A warm, useful feeling twice a night

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NEWS, SAID William Randolph Hearst famously, is something that someone, somewhere doesn't want printed. Everything else is advertising. Television news, the BBC decided yesterday, is something that people everywhere must find warm, accessible and personally useful. Everything else is "policy analysis" and will be on BBC2.

The corporation has, to use its own slightly pompous phraseology, "set out a vision for the future of its journalism today, pledging to set the standards of excellence in broadcast news." A new Six O'Clock News programme will "reflect the increasing diversity of the UK" while a new Nine O'Clock News will have at least half its stories from abroad. But fear not if `abroad' sounds a little chilly. The Nine O'Clock News will, we are assured "also be warmer and more in keeping with the character of BBC1".

I am unsure what the character of BBC1 is. Is it the character of Panorama or Neighbours? Of EastEnders or Omnibus? No doubt careful monitoring of the Nine O' Clock News henceforth will make this clear. In addition the schedulers have announced a popular weekly current affairs programme on BBC1 and a new policy analysis programme on BBC2.

It sounds a curious mix of up and down market. Plenty of eccentricities at six with the serious stuff in the flagship post-watershed bulletin three hours later. No doubt Peter Sissons, Martyn Lewis, Anna Ford et al are practising new expressions even now - relaxed and jovial at six, sit up straight and look concerned at nine.

But however the news programmes themselves pan out, it is the language in which they are described and the methods the BBC has used to arrive at its new format which tell us most about what news is today.

Audiences, says the BBC document, want news programmes to be "more relevant, engaging and accessible". This is just the sort of market research-led judgment which culminates in such superficial gestures as the BBC's 24 hour news service being presented by newsreaders and reporters in their shirtsleeves. They do not look engaging and accessible, just oddly dressed.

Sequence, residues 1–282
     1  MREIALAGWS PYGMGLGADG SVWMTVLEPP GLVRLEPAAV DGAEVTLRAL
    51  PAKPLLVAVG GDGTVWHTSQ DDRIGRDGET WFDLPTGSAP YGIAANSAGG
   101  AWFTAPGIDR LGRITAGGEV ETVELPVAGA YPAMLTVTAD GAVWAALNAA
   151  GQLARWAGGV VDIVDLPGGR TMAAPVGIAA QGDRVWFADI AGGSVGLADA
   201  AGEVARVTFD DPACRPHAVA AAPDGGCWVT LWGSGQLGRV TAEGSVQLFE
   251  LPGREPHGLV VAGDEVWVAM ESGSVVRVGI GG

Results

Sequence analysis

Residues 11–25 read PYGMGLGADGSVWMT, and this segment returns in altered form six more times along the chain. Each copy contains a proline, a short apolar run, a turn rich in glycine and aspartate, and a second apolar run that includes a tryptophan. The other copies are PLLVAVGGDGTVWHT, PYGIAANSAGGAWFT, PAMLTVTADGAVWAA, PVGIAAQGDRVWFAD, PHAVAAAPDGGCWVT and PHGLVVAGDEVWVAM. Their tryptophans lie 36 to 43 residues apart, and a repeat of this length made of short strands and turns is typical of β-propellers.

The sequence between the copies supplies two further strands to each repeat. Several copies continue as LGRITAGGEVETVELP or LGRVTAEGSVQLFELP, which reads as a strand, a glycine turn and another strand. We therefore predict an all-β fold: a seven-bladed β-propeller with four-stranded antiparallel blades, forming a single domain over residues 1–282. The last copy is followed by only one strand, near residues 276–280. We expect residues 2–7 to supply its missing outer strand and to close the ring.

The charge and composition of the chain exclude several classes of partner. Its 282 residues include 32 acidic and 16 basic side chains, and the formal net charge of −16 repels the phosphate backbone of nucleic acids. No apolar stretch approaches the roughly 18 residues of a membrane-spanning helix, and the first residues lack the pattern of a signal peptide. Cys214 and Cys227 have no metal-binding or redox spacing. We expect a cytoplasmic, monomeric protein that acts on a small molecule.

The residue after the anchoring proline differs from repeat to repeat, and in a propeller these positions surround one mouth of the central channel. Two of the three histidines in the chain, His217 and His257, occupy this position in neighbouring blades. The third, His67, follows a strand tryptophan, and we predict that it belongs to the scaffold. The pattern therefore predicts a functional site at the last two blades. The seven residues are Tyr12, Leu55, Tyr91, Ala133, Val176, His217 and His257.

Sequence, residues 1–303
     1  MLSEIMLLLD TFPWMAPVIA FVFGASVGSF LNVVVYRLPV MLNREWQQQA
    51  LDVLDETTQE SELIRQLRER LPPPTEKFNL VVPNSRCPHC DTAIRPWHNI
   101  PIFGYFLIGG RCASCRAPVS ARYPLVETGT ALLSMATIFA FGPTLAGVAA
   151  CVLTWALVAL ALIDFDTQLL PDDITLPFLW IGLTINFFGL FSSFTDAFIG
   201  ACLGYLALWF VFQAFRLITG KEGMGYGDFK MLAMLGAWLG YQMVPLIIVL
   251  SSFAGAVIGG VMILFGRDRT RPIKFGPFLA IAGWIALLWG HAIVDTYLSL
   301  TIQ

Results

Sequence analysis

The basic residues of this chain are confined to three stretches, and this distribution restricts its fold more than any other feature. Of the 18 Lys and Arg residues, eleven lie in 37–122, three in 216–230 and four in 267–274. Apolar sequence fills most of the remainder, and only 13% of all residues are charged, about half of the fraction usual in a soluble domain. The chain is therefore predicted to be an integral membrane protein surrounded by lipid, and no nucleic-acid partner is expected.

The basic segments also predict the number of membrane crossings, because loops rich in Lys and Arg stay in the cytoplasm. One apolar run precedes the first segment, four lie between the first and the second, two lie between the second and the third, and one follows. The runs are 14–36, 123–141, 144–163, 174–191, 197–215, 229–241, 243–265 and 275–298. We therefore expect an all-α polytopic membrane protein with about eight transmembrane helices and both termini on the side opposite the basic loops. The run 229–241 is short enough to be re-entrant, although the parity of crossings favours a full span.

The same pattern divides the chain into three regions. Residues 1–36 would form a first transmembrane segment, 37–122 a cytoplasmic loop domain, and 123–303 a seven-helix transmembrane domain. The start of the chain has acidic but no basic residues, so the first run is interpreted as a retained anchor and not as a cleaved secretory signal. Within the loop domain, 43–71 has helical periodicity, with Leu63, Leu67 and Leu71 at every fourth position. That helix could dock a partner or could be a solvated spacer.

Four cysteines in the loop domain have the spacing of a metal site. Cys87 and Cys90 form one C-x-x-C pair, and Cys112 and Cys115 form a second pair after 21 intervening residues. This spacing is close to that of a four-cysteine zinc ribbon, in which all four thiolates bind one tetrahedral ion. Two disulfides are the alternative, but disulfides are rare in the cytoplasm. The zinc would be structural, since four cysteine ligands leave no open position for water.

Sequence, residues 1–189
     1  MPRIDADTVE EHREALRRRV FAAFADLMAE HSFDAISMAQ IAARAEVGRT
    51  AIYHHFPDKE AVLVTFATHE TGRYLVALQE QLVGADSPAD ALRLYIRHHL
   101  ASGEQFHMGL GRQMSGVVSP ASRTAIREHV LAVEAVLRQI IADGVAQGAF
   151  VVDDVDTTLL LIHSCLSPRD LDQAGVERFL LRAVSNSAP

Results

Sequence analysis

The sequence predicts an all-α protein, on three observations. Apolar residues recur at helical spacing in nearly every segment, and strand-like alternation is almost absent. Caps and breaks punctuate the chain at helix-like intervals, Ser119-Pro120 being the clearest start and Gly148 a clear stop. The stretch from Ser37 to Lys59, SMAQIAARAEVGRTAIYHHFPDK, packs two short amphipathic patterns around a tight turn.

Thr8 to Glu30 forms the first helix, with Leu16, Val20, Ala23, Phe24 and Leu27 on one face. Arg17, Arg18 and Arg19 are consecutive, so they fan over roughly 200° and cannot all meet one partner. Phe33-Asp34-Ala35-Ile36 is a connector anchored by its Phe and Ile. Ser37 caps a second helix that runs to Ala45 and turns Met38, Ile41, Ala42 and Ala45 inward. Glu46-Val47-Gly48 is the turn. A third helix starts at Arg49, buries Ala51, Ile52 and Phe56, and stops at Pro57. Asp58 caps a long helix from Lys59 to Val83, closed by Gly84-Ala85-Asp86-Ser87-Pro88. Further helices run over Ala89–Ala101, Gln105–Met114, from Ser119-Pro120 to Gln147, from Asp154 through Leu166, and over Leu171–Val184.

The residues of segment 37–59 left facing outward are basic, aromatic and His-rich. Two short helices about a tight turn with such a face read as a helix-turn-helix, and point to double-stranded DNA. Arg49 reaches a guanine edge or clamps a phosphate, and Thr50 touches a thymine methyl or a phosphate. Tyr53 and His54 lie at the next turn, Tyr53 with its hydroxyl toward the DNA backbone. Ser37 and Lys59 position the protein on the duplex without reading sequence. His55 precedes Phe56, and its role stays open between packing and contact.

The BBC policy statement is the result of the biggest research project into news consumption ever undertaken: 18 months of surveys, questionnaires and market research. The corporation makes much of this. It has gone to its viewers to ask them what they want of news. One of the things they want is "personally useful news", defined by the BBC as areas of life such as education, health and financial management, where consumers are faced with a greater number of choices than in the past.

It's easy to mock such an approach, but it is not necessarily wrong to redefine news from time to time and to reappraise priorities. This newspaper has played some part in doing exactly that, insisting that health, education and the arts are as worthy of coverage and as important in people's lives as the daily round of party politics.

But the BBC, for all its caring language and democratic sounding research, is doing something more worrying and for more worrying reasons. It is surrounded by changing approaches to news. There is Channel 5 with its snap happy, youthful presenters who walk as they talk - a technique which actually seems to baffle as many young viewers as middle aged and elderly. There is the far more serious challenge of CNN and Sky, putting a microphone and camera "where it's happening" and keeping verbal description and analysis to a minimum.

Neither channel has made much effort to spawn a new generation of Martin Bells or John Simpsons. The reporter's role has been made peripheral, this never illustrated better than when CNN's reporter in the Gulf War apologised for inaccuracies by saying he was just reading the script put in front of him.

The BBC has no need to go down this road. Its best newsgathering and explanation has been provided by reporters, from Sir Richard Dimbleby to Kate Adie. There is no short cut and no cheap route to news gathering.

The BBC's fear of reporter-based news springs from the same source as its fear of talking head discussions, uninterrupted by producer-led gimmicks. It underestimates the public's powers of concentration. It underestimates the public's intelligence and curiosity.

There is much in the BBC's new vision about being relevant, engaging and personally useful. There is less about public service broadcasting and education. But news, seriously presented by informed reporters, is a prime educational tool. The BBC should not shirk from saying so.